The impact of time and communication on professional decision-making regarding patients with advanced lung cancer: Interpretative phenomenological analysis of focus groups with specialist palliative care professionals

Audrey Roulston

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Abstract

Background: Many medical decisions are guided by principles of autonomy, non-maleficence, beneficence, and justice, yet involve uncertainty and ethical dilemmas. It is important to understand what illness, life and death mean to each patient, alongside their values, priorities, preferences, knowledge and expectations regarding treatment and care.
Methods: Focus group meetings, conducted with 10 members of a Community Specialist Palliative Care Team in Northern Ireland, who cared for patients diagnosed with advanced lung cancer, were analysed using Interpretative Phenomenological Analysis.
Results: Three super-ordinate themes were identified: time, decision-making and communication. Timely referrals for exploratory tests, accurate communication of test results and ‘red flag’ systems for treatment or services, maximising IT systems, were recommended. Uncertainty, busy clinics, lack of privacy and perceived awkwardness impeded effective communication between professionals and patients. Having a trusting relationship, timely access to accurate diagnostic and prognostic information, competent communication skills, and respect for patient wishes, enabled communication.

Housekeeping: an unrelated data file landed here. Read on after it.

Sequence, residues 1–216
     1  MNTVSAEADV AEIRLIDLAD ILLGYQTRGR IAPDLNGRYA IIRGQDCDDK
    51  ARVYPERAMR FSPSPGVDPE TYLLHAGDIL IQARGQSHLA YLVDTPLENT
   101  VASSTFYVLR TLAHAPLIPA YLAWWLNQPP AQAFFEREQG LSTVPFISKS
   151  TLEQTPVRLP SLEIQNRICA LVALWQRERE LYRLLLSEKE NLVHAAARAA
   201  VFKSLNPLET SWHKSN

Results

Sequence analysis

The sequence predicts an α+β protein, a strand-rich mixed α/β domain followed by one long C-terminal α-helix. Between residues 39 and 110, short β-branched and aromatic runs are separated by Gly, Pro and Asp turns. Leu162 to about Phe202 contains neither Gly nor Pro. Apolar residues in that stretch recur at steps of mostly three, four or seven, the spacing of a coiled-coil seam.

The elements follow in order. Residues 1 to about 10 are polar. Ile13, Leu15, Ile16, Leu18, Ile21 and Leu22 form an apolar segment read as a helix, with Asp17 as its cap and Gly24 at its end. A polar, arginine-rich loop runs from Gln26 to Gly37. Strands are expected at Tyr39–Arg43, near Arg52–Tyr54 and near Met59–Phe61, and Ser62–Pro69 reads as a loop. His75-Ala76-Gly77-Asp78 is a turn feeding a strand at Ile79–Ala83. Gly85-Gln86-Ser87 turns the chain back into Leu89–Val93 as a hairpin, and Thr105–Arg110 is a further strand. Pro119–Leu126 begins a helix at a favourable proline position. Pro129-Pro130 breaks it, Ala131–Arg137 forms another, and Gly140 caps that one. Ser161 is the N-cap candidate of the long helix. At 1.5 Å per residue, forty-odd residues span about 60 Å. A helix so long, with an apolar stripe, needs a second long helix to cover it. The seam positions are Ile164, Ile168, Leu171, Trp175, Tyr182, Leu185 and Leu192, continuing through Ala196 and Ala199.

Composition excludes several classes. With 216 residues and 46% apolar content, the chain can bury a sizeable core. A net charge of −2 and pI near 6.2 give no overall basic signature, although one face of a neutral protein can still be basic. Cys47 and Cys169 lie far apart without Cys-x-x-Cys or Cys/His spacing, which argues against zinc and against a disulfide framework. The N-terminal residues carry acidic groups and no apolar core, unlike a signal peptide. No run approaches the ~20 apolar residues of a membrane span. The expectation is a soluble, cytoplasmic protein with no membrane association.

Implications for practice: professionals must build effective, trusting relationships with patients, carers and other professionals. Choices and decisions need to be navigated sensitively and competently. End-of-life care wishes or priorities should be reviewed regularly and documented.
Original languageEnglish
Pages (from-to)7-25
JournalActa Missiologica
Volume15
Issue number1
Publication statusPublished - 30 Apr 2021

Keywords

  • Palliative Care
  • Focus Groups
  • Interpretative Phenomenological Analysis
  • Lung cancer
  • Decision-making

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